December 10, 2008

WebNotes Makes Annotating the Web Easy

By Mike Fruchter of (Twitter/FriendFeed)

In the digital age that we live in, information overload and keeping organized is often a daunting, and at times overwhelming task. Hundreds of emails, RSS feeds, bookmarks, tweets, you name it, and that's only the start for some of us. I have recently begun to look at the ways I use these tools, and what purposes I use these tools for. This is an effort to become more productive and efficient with my time, especially the time spent involved with research and collaborating with colleagues on projects.

Email is still key for exchanges of long text. Twitter is just as important for quick, short micro bursts of information. However when trying to locate and reference a micro blurb, paragraph or sentence of text, I often find myself spending more time looking for it in multiple places and services, thus wasting valuable time in the process. My unorganized methods of storing and locating useful bits of information for later use consists of referring to bookmarks, email, Google Notes, Twitter, and the list goes on.

When time is of the essence, this process weighs me down considerably. In trying to work smarter and not harder, I stumbled upon and started to use a new annotation service called WebNotes. Webnotes has been in private beta, and is officially launching today via public invite-only. WebNotes was gracious enough to supply us with 100 invites, so be sure to check the end of the post for a link to sign up and try their service.

What exactly is WebNotes?

It's a simple and extremely useful
productivity tool for creating sticky notes on webpages, highlighting and clipping bits of text, organizing, and lastly sharing it. It's targeted for businesses and researchers, but it's simplicity makes it so anyone can use it.

Getting started:

Getting started with the service requires either installing the WebNotes toolbar, or if you prefer something more lightweight, you can also use their bookmarklet.

Annotating information is easy:

Highlighting and clipping text is done by activating the highlighter icon on the toolbar, and then simply selecting the text you wish to clip. The selected text will be highlighted yellow, and then saved. The other useful feature is the ability to leave sticky notes on webpages . If your colleagues are visiting and using the same sites for research, this could be used to leave informative notes of interest pertaining to the subject matter. It's great for leaving visual reminders, and It compliments annotating rather nicely.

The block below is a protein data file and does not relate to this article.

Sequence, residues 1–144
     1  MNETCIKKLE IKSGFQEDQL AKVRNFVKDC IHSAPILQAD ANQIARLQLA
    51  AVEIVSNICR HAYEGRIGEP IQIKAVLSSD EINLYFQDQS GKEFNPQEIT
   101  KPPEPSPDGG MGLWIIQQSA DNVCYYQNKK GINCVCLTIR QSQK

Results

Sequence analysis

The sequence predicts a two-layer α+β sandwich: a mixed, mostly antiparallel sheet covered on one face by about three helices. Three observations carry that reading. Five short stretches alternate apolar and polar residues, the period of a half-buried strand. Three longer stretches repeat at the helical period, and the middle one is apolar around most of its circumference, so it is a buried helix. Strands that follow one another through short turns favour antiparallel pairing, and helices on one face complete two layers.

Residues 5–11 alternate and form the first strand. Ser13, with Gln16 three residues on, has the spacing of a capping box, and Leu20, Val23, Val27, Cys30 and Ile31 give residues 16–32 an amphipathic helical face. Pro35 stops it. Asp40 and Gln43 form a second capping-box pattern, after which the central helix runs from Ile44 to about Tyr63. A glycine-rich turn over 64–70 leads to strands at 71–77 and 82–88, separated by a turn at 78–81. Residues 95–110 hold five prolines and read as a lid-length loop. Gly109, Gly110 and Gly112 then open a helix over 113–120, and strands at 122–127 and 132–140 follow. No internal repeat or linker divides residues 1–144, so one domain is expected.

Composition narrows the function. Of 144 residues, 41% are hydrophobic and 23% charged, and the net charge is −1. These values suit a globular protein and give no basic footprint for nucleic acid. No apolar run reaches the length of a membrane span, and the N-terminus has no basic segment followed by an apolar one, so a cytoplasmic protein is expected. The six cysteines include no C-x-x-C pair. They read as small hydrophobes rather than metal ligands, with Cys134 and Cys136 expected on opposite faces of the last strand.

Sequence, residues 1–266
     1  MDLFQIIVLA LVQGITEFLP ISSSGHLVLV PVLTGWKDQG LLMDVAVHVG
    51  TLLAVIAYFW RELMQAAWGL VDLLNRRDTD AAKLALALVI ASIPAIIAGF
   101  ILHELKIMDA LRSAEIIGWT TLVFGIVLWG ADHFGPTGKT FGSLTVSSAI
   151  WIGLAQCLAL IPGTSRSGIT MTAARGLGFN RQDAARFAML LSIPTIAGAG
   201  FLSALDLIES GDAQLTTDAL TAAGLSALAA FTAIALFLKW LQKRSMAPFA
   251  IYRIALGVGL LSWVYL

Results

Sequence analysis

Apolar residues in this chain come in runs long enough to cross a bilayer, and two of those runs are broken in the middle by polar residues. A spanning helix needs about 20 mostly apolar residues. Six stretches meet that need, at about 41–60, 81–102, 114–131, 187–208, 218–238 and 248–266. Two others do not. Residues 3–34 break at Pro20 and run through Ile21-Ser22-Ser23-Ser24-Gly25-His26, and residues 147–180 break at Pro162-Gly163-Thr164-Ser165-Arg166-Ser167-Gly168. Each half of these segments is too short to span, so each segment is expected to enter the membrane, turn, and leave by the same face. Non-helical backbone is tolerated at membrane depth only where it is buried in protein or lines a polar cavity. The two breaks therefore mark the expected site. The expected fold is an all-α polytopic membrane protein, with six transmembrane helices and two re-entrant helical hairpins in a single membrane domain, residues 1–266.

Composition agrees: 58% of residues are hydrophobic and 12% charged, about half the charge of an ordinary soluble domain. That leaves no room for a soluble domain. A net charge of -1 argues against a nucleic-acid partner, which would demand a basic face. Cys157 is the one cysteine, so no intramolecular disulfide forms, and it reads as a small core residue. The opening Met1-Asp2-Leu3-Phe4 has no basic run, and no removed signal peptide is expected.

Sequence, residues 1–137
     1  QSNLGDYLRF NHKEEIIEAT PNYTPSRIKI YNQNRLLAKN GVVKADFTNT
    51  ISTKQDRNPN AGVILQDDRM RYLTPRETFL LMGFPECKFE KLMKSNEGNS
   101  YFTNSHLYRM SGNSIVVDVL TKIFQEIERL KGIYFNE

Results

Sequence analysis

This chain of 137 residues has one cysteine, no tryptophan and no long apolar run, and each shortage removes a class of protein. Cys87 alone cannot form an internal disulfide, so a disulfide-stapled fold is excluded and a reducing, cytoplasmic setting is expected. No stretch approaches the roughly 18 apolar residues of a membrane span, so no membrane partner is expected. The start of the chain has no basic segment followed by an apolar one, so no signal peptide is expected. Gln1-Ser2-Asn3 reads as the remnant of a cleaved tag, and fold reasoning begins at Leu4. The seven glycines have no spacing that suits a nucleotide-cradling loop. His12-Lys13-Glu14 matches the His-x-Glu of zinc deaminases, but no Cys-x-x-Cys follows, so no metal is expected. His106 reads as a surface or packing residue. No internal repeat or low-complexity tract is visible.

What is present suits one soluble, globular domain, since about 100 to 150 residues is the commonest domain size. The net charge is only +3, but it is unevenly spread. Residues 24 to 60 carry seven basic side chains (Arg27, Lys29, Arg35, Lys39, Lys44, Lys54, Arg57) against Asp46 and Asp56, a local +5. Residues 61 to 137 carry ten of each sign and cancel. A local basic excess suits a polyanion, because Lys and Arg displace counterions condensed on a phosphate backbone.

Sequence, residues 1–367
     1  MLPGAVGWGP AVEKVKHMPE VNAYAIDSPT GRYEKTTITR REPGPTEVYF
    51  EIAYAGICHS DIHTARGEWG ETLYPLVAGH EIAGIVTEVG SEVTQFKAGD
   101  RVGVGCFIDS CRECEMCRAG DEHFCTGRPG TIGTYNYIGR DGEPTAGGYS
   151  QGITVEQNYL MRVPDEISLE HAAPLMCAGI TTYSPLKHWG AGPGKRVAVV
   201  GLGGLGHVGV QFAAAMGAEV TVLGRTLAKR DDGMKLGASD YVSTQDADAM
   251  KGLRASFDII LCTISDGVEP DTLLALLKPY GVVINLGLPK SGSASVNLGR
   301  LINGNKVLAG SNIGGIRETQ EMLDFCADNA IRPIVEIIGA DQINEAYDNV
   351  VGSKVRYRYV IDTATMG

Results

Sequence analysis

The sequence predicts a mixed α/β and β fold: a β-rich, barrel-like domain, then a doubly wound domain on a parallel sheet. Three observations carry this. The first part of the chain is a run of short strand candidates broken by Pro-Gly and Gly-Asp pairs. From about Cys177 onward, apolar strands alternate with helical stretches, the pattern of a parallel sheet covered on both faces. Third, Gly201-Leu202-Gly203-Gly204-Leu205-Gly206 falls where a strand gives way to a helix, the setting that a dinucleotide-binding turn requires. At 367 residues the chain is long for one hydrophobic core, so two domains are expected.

Organizing your data:

WebNotes makes it easy to organize your data. You can do this in two ways. One is by clicking "Organizer" on the toolbar. This brings up an explorer sidebar on your browser. This makes it so you never have to leave the current page you are on. The other way of accessing your data is by going to your "MyWebNotes" page. What I really like is the functionality at which you can organize your data. You can create a hierarchical folder tree for your annotations. Drag, drop and rearrange data just as you would on a windows desktop.

Sharing and publishing data:

The sharing function is accessed from the toolbar. It will allow you to email a viewable public link of your annotations. The link will take the person directly to the position on the webpage with the highlighted text. You can also share your annotations by generating a permalink. You can see an example of the permalink in action here. Publishing and printing your data can be done in two ways, via an html page or downloadable PDF file.

Register here for a beta invite to test drive the service.

Closing thoughts:

There are currently a few annotation services on the market such as Fleck and i-Lighter. It's a crowded space that WebNotes is entering. If they can stand out and differentiate themselves, I think they have the components of a successful, solid application. I would like to see more collaborative features, and the option to share data via RSS. Other than that, I dont have many other requests. For what it was built for, this application works extremely well. Invites are limited to 100 only. Use this link to register for a beta invite.

Read more by Mike Fruchter at